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‘Punishment Budget’ cancelled as Osborne seeks to reassure public

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Written by: Paloma Kubiak
27/06/2016
George Osborne today announced there will be no emergency Budget following the shock Brexit result and reassured the public that Britain is ready to confront the future.

In his statement, the chancellor said Britain is in a position of strength, with both the public and the government rebuilding the economy in the last six years, meaning that the country “has the strongest major advanced economy in the world.”

The employment rate is at a record high and the budget deficit has been brought down from 11% of national income, and was forecast to be below 3% this year.

As a result, Osborne said our economy is “about as strong as it could be to confront the challenge our country now faces” following the vote to leave the EU.

The chancellor said now the people have spoken, “we must all accept the result and deliver on the instructions to leave”.

He said: “I don’t resile from any of the concerns I expressed during the campaign, but I fully accept the result of the referendum and will do everything I can to make it work for Britain.

“It is inevitable, after Thursday’s vote, that Britain’s economy is going to have to adjust to the new situation we find ourselves in.”

The challenges Britain faces and how the government will meet them

Analysis by the Treasury and other independent organisations before the vote identified three particular challenges and Osborne spoke of how each would be met.

1) Volatility in the financial markets

Osborne said that while the markets may not have been expecting the referendum result, the Treasury, the Bank of England (BoE), and the Financial Conduct Authority (FCA) have spent the last few months putting in place “robust contingency plans for the immediate financial aftermath in the event of this result.”

‘Swap lines’ were arranged so the BoE is now able to lend in foreign currency if needed.

The BoE governor, Mark Carney released a statement on Friday making it clear that it’s ready to provide £250bn of funds to continue to support banks and the “smooth functioning of markets.”

Osborne added that in the last 72 hours, he’s been in contact with European finance ministers, central bank governors, the managing director of the IMF, the US Treasury Secretary and the Speaker of Congress, and the CEOs of some of our major financial institutions so that collectively they can keep a close eye on developments.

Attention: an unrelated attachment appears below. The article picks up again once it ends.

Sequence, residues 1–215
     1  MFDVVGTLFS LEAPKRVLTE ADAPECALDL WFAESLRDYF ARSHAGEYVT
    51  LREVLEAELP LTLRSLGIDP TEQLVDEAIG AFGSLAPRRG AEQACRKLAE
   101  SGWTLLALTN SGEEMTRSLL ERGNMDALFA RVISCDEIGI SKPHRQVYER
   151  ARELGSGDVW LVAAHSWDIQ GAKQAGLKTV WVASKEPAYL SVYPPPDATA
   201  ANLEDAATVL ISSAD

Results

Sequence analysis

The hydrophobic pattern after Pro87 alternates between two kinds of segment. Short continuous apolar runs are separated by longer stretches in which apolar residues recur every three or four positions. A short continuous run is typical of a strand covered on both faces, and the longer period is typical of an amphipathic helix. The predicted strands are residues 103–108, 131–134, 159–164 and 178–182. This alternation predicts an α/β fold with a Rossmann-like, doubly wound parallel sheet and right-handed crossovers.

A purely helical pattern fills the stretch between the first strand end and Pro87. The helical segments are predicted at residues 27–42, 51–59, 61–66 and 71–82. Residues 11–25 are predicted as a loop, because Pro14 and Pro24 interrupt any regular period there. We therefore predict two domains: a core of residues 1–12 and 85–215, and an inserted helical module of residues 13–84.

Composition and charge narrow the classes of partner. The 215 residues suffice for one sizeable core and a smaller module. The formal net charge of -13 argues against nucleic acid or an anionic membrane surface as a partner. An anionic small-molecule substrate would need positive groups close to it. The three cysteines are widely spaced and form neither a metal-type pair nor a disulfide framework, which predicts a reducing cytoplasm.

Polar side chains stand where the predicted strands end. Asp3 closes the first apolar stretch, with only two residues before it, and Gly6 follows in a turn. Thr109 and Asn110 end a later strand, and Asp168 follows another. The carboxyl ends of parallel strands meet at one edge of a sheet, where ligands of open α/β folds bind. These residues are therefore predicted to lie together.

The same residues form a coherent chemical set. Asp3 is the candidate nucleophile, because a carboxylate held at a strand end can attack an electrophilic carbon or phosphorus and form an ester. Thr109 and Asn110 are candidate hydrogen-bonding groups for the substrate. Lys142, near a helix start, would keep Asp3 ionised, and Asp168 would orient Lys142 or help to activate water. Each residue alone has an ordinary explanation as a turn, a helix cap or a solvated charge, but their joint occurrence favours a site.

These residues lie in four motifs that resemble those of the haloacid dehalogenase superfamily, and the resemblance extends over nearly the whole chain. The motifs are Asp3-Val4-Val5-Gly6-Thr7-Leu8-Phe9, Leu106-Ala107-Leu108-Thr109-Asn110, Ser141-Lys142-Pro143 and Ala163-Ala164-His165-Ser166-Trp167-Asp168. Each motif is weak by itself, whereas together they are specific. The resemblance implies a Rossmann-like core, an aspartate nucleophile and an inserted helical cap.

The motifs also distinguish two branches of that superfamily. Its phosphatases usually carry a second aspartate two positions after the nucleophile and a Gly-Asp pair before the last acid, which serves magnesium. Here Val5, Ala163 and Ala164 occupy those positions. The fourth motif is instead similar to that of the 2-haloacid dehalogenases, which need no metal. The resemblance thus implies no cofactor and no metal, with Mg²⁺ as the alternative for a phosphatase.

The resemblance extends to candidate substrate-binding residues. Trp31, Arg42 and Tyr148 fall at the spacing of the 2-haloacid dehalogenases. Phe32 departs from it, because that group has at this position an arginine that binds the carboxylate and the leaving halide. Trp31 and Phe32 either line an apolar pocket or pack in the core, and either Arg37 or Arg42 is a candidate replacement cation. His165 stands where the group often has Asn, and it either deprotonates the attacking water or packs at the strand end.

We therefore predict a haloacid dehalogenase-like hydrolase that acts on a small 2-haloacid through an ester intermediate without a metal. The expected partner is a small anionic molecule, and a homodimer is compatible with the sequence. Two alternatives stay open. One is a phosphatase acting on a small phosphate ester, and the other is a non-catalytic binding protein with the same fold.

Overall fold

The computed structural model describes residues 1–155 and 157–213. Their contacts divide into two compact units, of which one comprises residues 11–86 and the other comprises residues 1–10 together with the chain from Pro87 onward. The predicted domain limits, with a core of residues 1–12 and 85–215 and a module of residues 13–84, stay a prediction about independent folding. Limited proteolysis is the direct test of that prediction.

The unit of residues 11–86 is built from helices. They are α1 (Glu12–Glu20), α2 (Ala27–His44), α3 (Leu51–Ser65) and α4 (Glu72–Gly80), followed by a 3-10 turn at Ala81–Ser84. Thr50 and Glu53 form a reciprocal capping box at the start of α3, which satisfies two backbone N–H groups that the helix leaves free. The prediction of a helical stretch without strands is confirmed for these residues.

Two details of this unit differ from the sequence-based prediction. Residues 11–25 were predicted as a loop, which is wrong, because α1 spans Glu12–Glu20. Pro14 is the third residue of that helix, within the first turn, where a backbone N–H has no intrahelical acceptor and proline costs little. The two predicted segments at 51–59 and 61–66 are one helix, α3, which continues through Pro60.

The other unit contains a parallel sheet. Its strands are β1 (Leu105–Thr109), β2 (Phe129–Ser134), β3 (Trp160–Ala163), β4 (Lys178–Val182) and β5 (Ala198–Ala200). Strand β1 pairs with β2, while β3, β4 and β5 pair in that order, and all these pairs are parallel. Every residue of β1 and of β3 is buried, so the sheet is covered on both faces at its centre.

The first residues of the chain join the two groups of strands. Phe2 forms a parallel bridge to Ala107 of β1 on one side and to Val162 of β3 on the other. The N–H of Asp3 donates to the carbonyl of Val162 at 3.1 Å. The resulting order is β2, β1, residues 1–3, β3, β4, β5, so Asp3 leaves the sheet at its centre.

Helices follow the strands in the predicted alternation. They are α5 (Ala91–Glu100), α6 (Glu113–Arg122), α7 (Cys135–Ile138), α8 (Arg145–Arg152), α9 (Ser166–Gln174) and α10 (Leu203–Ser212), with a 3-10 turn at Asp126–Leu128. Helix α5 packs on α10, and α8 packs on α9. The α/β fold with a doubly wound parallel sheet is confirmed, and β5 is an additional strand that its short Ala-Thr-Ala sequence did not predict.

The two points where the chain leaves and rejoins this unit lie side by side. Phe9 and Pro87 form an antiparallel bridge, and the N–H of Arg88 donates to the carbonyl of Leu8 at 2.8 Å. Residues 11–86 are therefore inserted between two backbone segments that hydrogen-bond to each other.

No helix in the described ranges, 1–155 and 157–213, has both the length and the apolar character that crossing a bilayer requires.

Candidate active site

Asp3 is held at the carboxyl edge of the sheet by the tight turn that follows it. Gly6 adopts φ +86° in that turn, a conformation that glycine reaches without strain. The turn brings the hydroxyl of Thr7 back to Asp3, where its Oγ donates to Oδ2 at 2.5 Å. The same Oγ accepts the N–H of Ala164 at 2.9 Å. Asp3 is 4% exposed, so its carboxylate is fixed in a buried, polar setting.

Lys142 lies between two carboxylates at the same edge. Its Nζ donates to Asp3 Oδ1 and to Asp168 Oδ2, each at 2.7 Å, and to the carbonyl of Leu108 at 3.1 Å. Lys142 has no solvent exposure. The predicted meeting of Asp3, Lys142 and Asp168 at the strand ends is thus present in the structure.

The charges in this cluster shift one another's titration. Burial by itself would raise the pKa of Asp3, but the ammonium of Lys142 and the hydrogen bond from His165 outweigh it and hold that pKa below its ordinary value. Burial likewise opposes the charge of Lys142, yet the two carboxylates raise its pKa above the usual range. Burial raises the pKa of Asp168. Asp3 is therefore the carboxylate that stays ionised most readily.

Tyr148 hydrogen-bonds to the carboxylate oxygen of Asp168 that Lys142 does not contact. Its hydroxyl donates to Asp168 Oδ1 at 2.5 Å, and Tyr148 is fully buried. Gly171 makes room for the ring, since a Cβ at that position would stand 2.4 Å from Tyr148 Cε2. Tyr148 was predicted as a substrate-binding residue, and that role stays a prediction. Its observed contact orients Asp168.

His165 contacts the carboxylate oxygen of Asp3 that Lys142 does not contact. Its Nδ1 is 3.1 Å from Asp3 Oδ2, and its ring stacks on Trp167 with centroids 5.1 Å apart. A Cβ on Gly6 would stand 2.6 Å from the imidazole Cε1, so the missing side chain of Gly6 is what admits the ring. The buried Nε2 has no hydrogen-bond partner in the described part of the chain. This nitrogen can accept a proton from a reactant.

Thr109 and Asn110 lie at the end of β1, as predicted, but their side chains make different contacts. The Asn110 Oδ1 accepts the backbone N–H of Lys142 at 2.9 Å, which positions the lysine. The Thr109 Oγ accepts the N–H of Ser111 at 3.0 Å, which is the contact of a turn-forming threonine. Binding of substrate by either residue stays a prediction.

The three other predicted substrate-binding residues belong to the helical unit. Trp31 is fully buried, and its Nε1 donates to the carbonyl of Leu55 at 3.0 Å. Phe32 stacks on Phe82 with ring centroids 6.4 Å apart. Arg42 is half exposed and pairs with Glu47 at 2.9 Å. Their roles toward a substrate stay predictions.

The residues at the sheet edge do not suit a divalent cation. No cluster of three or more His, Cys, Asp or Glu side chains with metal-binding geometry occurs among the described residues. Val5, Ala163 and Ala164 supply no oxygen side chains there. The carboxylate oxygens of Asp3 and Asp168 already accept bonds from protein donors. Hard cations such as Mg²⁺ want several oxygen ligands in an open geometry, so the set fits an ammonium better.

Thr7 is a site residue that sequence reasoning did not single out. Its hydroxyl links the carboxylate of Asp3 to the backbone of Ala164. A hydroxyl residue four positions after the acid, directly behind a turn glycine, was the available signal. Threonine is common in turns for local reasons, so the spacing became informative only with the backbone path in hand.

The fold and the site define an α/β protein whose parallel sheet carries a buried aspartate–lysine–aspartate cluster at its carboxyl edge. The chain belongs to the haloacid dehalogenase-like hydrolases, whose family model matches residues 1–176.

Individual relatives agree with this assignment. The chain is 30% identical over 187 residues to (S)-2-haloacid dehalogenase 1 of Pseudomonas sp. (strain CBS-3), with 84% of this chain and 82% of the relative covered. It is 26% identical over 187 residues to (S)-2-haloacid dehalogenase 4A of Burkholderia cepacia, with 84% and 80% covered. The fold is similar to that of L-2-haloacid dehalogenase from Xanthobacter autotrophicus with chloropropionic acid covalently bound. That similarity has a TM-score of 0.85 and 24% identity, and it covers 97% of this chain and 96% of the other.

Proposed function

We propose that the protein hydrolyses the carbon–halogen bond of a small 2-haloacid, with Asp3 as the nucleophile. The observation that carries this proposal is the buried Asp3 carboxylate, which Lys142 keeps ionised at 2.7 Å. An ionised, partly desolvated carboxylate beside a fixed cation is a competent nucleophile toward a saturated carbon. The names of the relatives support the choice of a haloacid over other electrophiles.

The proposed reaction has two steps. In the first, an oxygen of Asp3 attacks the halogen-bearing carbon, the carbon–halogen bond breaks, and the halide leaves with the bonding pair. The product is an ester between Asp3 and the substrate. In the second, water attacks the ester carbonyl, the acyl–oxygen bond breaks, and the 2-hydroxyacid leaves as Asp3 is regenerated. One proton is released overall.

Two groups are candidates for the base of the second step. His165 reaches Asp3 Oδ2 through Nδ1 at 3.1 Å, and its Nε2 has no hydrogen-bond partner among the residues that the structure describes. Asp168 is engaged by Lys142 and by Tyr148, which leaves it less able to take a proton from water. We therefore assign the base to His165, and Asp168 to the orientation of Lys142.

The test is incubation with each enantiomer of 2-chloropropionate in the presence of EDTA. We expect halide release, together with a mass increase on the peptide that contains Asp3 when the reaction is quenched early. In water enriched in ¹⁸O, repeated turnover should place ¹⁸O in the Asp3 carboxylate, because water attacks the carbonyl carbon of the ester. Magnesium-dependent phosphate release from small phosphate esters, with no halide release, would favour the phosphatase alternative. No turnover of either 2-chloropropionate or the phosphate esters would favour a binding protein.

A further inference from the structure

He said that it won’t be plain sailing in the days ahead, but the government is determined that unlike eight years ago, Britain’s financial system will help the country deal with any shocks and dampen them – not contribute to those shocks or make them worse.

2) Uncertainty over Britain working with European allies to create new relationships

So far, the prime minister David Cameron has delayed the decision to trigger the Article 50 procedure until there is a new prime minister in place for the autumn following his resignation on Friday.

Only the UK prime minister can trigger Article 50, and Osborne said that this should only be done when there is a “clear view about what new arrangement we are seeking with our European neighbours.”

Osborne reassured the public that in the meantime, there will be no change to people’s rights to travel and work, and to the way goods and services are traded, or to the way the economy and financial system is regulated.

However, he said that it’s already evident that as a result of Thursday’s decision, some firms are continuing to pause their decisions to invest, or to hire people.

“To all companies large and small I would say this: the British economy is fundamentally strong, we are highly competitive and we are open for business,” he said.

3) Economic relationship with Europe to provide the best possible terms of trade

The third challenge Osborne broached was ensuring Britain was able to agree a long-term economic relationship with the rest of Europe that provided for the best possible terms of trade in goods and services.

He said: “Together, my colleagues in the government, the Conservative Party and in Parliament will have to determine what those terms should be – and we’ll have to negotiate with our European friends to agree them.

“I intend to play an active part in that debate – for I want this great trading nation of ours to put in place the strongest possible economic links with our European neighbours, with our close friends in North America and the Commonwealth, and our important partners like China and India.

“I do not want Britain to turn its back on Europe or the rest of the world.

“Today I am completely focussed on the task in hand as Chancellor of the Exchequer to bring stability and reassurance.”

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